Carmine’s a nice addition to Penn Quarter

Even if you don’t come from a large, boisterous Italian family, you will definitely feel like a member of one as soon as you step through the doors of Carmine’s on 7th St.

With seating for 700 and sauces made from scratch daily, Carmine’s promises simple southern Italian cooking served family style and a fun dining experience.

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The restaurant was originally supposed to be a Balducci’s grocery store, and patrons can still see remnants of the store, including elevators from the downstairs garage below.

Plates are served family style, which means huge portions with plenty to share (Carmine’s suggests they serve four to six people). Come hungry and be prepared to temporarily quit any sort of a diet, as the eggplant parmesan comes out smothered in mozzarella cheese and is the size of a brick.

For lighter eaters out there, the Carmine’s salad is a great choice. Served with salami, sharp provolone, red pepper and some of the tastiest green olives in town, it’s a great alternative to a Caesar or mixed salad.

Entrees include veal, seafood, beef or chicken dishes, as well as a daily house special each day and, of course, 19 different pasta dishes to try.

My party chose the traditional spaghetti and meatballs with angel hair pasta. The meatballs were the size of softballs and seasoned to perfection. The home cooked pasta tasted like it was freshly churned from your grandmother’s spaghetti maker, and the sauce was clearly made with fresh tomatoes and herbs.

The chicken parmesan was a sight in itself, pounded to a thin breast, breaded and slathered in savory tomato sauce with mozzarella that seemed to complement every bite. The single plate of chicken served our party of seven, with leftovers included.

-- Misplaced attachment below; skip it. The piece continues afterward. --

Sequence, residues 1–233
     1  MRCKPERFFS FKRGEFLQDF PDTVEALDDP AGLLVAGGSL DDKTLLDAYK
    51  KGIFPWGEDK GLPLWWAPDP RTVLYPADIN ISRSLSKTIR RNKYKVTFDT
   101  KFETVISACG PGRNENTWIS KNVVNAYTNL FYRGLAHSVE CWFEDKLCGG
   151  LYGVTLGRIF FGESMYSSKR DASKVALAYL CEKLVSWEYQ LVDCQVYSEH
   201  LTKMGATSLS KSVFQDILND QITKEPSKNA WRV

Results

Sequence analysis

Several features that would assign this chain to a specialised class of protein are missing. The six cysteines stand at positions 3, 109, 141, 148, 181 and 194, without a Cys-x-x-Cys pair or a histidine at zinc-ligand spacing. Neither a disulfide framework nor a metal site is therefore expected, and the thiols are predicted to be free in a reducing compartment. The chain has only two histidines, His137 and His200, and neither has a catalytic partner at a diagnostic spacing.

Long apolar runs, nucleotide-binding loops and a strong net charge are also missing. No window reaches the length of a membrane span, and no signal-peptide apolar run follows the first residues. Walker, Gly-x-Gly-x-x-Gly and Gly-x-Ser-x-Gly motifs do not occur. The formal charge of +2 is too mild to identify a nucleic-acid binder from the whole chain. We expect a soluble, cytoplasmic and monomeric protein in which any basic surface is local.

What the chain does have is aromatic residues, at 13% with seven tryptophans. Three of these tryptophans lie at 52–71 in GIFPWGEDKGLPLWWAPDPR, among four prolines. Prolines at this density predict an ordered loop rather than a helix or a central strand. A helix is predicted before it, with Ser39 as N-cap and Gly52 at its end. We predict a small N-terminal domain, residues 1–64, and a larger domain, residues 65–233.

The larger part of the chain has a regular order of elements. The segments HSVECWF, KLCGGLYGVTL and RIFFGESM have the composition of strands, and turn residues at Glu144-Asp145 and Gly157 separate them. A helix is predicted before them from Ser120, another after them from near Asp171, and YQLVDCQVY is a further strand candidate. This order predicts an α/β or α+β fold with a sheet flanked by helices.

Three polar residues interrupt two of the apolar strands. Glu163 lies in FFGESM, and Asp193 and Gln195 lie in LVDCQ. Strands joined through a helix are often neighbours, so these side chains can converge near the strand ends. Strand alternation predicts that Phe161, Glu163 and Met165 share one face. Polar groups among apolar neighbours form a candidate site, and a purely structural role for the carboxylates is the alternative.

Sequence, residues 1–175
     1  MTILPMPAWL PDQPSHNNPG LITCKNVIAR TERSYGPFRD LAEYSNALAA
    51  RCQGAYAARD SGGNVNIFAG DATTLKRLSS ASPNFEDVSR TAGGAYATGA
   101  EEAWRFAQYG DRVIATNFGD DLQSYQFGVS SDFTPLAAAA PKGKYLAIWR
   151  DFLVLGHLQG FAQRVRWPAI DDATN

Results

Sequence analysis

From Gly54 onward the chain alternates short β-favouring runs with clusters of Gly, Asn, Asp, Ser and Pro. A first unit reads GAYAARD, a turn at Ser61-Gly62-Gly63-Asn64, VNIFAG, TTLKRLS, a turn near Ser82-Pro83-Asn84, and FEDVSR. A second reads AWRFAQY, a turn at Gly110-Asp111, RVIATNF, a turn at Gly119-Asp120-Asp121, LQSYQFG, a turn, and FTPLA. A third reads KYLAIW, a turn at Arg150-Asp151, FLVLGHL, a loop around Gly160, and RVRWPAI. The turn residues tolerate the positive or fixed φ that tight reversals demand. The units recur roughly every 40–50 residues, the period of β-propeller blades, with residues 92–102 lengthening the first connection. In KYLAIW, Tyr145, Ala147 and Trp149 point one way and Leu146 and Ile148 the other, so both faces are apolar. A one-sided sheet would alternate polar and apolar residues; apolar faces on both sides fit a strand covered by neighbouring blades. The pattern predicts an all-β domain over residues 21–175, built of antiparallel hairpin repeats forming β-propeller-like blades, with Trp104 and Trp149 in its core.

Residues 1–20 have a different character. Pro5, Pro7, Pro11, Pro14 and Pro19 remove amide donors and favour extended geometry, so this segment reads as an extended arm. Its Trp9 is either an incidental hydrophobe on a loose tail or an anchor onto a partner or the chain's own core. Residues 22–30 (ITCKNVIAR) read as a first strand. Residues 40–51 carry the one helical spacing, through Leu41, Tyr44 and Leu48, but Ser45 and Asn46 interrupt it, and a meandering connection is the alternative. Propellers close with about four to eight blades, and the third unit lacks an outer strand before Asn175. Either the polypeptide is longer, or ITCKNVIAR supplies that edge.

Still hungry for more? If there’s any way you can eat dessert after the amount of food Carmine’s brings out to you, try the Titanic. The dish — about the size of the doomed ship, or so it seems — is a flourless chocolate cake served with five scoops of ice cream, homemade whipped cream, hot fudge, hazelnuts, strawberries, bananas and cinnamon encrusted pineapples. For those with a sweet tooth, it is heaven on a plate.

Also, be sure to go to Carmine’s with someone’s birthday approaching. One waitress was a singer and her version of “Happy Birthday” will silence the typically loud dining room.

Carmine’s is the largest restaurant in D.C. and utilizes every inch of its space, complete with private dining rooms, WiFi access and a separate Secret Service entrance of which recent guests Supreme Court Justice Elena Kagan and New York Mayor Michael Bloomberg took advantage.

While you’re waiting for your meal, take a look around at the family photos covering the walls of Carmine’s. Also, the chandeliers are individually different, making for a unique and family oriented feel. The entire Carmine’s experience is not one to be missed.

To dine at Carmine’s this fall, visit www.carminesnyc.com for reservations or call 202-737-7770.


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